Feet First

“It is much more important to know what sort of a patient has a disease than what sort of a disease a patient has.” - Sir William Osler

Email Dr. Alice

    follow me on Twitter
    This page is powered by Blogger. Isn't yours?
    Saturday, July 14, 2007
    Dynamite in a Bottle

    This week has brought another catfight in the Episcopal blogosphere. It began with a post from Elizabeth Kaeton, a priest in the diocese of New Jersey who happens to be both rector of a parish and head of the Standing Committee in said diocese. In other words, this is a person with administrative experience whom one would hope possessed the quality of good judgement.

    What she wrote on her blog managed to enrage a lot of people. It was directed at another female priest who is married with three young children and a fourth on the way; in her original post (hastily taken down and edited after a few hours) Kaeton compared this woman to Andrea Yates and Susan Smith, two mothers who murdered their children. I'm not going to repost the entire story, which has been covered in great detail on multiple blogs, but a good summary of the episode is here with further analysis in a later post. (Full disclosure: one of the main bloggers on Stand Firm is Matt Kennedy, who is married to Anne Kennedy, victim of Keaton's original post.)

    Kaeton's motivation for this rather appalling act was apparently based on a single blog entry from Rev. Kennedy, from back in March. In it she discusses her messy house and that she's too tired to clean because she and her husband have just found out that she's pregnant with their fourth child. It's not a desperate or incoherent post; it's actually rather cheerful. Read the post and see what your take on it is.

    Now consider this. Kaeton responded to the outrage that greeted her post with another entry in which she apologized. Unfortunately the apology consisted of the following:
    I need to say to you, however, as gently and lovingly as I can, that there are growing numbers of us, lay and ordained, mostly all in "the helping professions" including psychiatrists and psychologists, doctors and nurses and pediatric nurse practitioners, social workers and those whose speciality is in domestic violence and child protection, who grow increasingly concerned and check in on your blog with some regularity.

    Some of us have written your bishop with our concern...
    Many of us have raised the question of our legal responsibility as professional helpers who understand our obligation to report situations like this when we "see" or "hear" them.

    In other words, Kaeton implied that she had contacted the Kennedys' bishop specifically to state that she felt Anne Kennedy might not be capable of holding down her job and implied further that Rev. Kennedy might be an unfit mother, emotionally unstable, or both. Further, she threw in the threat of continuing to watch Rev. Kennedy's blog specifically for the purpose of gathering evidence to this effect.

    And she did all this based on a single blog post from four months ago without ever posting in Rev. Kennedy's comments and, apparently, without even emailing her, a fellow priest, to inquire how she was doing or if she was okay or needed help. (To clarify, I will add here that I've read all of Rev. Kennedy's entries and the blog's comments for the last four months. I find nothing in the blog to warrant this sort of reaction from Kaeton.)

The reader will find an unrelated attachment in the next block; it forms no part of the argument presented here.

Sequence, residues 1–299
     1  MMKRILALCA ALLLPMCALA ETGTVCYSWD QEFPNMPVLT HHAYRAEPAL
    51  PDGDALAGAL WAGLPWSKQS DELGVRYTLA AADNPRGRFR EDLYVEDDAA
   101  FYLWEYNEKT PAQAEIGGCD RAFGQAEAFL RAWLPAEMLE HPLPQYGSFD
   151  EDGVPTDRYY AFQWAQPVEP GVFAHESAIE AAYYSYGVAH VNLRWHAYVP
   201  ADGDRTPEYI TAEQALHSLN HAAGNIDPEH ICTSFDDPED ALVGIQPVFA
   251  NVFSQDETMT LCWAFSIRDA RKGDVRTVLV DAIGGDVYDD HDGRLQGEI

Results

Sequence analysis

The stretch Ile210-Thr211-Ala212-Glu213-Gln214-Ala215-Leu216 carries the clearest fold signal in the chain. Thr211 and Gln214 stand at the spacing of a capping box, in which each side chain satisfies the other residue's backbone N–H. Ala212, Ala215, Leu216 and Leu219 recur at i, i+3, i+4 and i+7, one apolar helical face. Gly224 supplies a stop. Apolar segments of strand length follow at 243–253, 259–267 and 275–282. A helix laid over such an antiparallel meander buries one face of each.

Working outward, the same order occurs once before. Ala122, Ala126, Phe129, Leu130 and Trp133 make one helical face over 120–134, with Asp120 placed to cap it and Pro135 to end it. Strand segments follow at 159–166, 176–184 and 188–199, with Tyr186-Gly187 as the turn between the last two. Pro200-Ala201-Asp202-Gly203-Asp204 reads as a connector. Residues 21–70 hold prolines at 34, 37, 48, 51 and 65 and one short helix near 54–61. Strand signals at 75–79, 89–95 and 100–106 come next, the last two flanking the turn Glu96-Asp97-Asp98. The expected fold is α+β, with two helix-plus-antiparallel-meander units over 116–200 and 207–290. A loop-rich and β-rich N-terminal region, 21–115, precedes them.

This is beyond irresponsible and beyond unprofessional. It is unconscionable. Consider the following situation for perspective. Let's say someone who is caregiver for a parent or other relative with Alzheimer's has a blog. In it they write about how difficult it is to be a caregiver, how tired they are, how frustrating it is to try to communicate with and take care of their relative. The blog is their safety valve, if you will, and allows the writer to contact others in the same situation (for instance, anyone interested could post a comment, which most bloggers allow). It is not evidence that the relative is being mistreated. It cannot and should not be used as a warning sign.

    Now let's say that someone who doesn't like this person - perhaps they're angling for the same job, perhaps they're of an opposing political ideology, perhaps it's another family member who wants access to the relative's money or property - uses the information in this blog to call Adult Protective Services and file a complaint against the caregiver. "See?" they say self-righteously, "It's all right there on the Internet! She admits she can't handle taking care of Dad, she said so!"

    Kaeton's "answer" to her critics holds a very real threat to Ms. Kennedy: the potential to destroy her career. Being investigated by CPS is the sort of thing that tends to remain on one's record, and when it comes to applying for a job... would you want to ask a bishop for a recommendation when the bishop in question had been dragged into a messy child-protection case involving your children? No matter how innocent of the charges you actually are?

    Kaeton has set a dangerous precedent here. The appeal of blogging is the ability to write about oneself, one's life and interests, like casting a bottle on the ocean with a message in it. It's disconcerting to think that someone might open the bottle and use the information in it to come after you.




    Post a Comment